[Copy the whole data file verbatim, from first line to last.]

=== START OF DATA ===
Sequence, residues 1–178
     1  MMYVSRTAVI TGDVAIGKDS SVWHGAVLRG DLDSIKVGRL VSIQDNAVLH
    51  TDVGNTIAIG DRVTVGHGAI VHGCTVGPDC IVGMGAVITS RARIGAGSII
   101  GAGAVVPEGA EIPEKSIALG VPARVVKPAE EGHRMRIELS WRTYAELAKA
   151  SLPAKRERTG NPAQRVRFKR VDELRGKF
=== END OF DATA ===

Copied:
Sequence, residues 1–178
     1  MMYVSRTAVI TGDVAIGKDS SVWHGAVLRG DLDSIKVGRL VSIQDNAVLH
    51  TDVGNTIAIG DRVTVGHGAI VHGCTVGPDC IVGMGAVITS RARIGAGSII
   101  GAGAVVPEGA EIPEKSIALG VPARVVKPAE EGHRMRIELS WRTYAELAKA
   151  SLPAKRERTG NPAQRVRFKR VDELRGKF